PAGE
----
When Dr. Paul Epstein holds seminars on health care for seniors, he engages his audience with a call and response segment that always produces the same results.
“I ask, ‘How many people go to the doctor?’ and everyone raises their hand,” said the Westport-based naturopathic physician. “I then ask, ‘How many people take medicine?’ and everybody raises their hand. And then I ask, ‘How many are getting better?’ No one raises their hand.”
Epstein is a frequent keynote speaker and lecturer on mind-body integrative medicine, and he has witnessed a greater acceptance of this approach to health and wellness among his peers in the medical field. “Thirty years ago, this was considered flaky and woo-woo,” he said. “Now, it is seen as science.”
Still, Epstein is concerned that this approach is often lacking in today’s eldercare. He warned that too many physicians are missing a major point by focusing on the seniors’ illness and not the people seeking aid.
“Someone needs to be listening to them,” Epstein said, referring to elderly patients who often feel they are not being respected by their primary care physicians. “Doctors say, ‘Here take an anti-inflammatory for arthritis.’ But they don’t know or understand or have time or inclination to get to know the patient and really care about the whole person, not just the diagnosis.”
As a result of this, Epstein said, seniors find their lives becoming a pattern of going from one doctor to the next. He acknowledged that some seniors complain that they are not being taken seriously by their medical professionals, who give the impression that the patients are
Epstein has been conducting eldercare seminars at the Westport Center for Senior Activities for the last 15 years. He has a new six-week program scheduled to begin on May 17. In his presentations, he emphasizes the role that seniors can assume in orchestrating their own wellness rather than becoming dependent on providers for all of their needs.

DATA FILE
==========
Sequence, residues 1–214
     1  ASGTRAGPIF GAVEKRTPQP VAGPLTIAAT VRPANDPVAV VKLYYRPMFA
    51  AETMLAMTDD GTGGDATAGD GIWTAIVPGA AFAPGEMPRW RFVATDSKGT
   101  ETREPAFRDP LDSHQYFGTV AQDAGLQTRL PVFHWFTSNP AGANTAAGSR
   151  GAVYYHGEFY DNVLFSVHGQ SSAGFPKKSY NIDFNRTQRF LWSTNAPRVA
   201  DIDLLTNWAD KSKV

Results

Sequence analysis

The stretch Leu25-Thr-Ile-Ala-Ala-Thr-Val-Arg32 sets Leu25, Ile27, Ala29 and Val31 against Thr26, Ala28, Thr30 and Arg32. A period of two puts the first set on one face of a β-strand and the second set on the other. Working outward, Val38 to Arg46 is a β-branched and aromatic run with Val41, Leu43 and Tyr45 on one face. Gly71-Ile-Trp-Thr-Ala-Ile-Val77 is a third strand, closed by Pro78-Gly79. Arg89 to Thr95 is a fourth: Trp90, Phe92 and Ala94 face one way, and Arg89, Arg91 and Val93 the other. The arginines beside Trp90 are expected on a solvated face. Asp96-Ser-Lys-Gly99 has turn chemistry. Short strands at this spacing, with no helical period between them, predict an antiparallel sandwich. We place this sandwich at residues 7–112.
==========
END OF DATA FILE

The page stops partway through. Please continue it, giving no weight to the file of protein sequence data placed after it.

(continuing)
“I am giving seniors the tools to face the challenges and difficulties of seniordom with a can-do attitude,” he said. “As we get older, the most powerful medicine we have is ourselves. I present classes that have such titles as ‘Face the Music and Dance’ and ‘How to Oy Without the Vey.’”
Epstein’s presentations concentrate on the destructive role that stress plays in seniors’ health, with issues ranging from the death of a loved one to the problems in downsizing and moving from a longtime home at a late age to coping with the increased negativity levels in today’s news. Epstein faulted eldercare professionals that do not consider the effects of severe stress on seniors’ health and wellness. “They are not addressing the underlying causes on why we get ill,” he said.
Epstein also warned that many seniors are either actively discouraged from being in charge of their care or they are surrendering to the uncertainties that accompany the aging process. “As we get older, we get more scared and want someone to take care of us,” he said, pointing out that some eldercare organizations give the impression of existing in order “to give you a stairway to heaven through these facilities.”
For Epstein, successful eldercare can be achieved by empowering seniors through positive attitudinal strategies and giving them an equal partnership in determining their well-being.
“We need to offer another reality in providing people with hope and optimism,” he said. “That will have a real effect on health. People have feelings — and they are still alive in their eighties. We need to find ways to connect with them and engage them.”